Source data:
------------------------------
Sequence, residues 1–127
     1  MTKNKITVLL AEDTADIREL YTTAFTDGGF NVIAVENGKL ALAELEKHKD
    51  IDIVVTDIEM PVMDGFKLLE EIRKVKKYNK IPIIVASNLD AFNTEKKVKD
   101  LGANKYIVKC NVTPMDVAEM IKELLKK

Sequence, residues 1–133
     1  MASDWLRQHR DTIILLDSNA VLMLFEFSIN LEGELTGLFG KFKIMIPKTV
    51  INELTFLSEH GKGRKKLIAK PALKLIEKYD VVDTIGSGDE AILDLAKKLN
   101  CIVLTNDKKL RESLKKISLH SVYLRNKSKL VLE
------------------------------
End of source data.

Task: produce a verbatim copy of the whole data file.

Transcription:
Sequence, residues 1–127
     1  MTKNKITVLL AEDTADIREL YTTAFTDGGF NVIAVENGKL ALAELEKHKD
    51  IDIVVTDIEM PVMDGFKLLE EIRKVKKYNK IPIIVASNLD AFNTEKKVKD
   101  LGANKYIVKC NVTPMDVAEM IKELLKK

Sequence, residues 1–133
     1  MASDWLRQHR DTIILLDSNA VLMLFEFSIN LEGELTGLFG KFKIMIPKTV
    51  INELTFLSEH GKGRKKLIAK PALKLIEKYD VVDTIGSGDE AILDLAKKLN
   101  CIVLTNDKKL RESLKKISLH SVYLRNKSKL VLE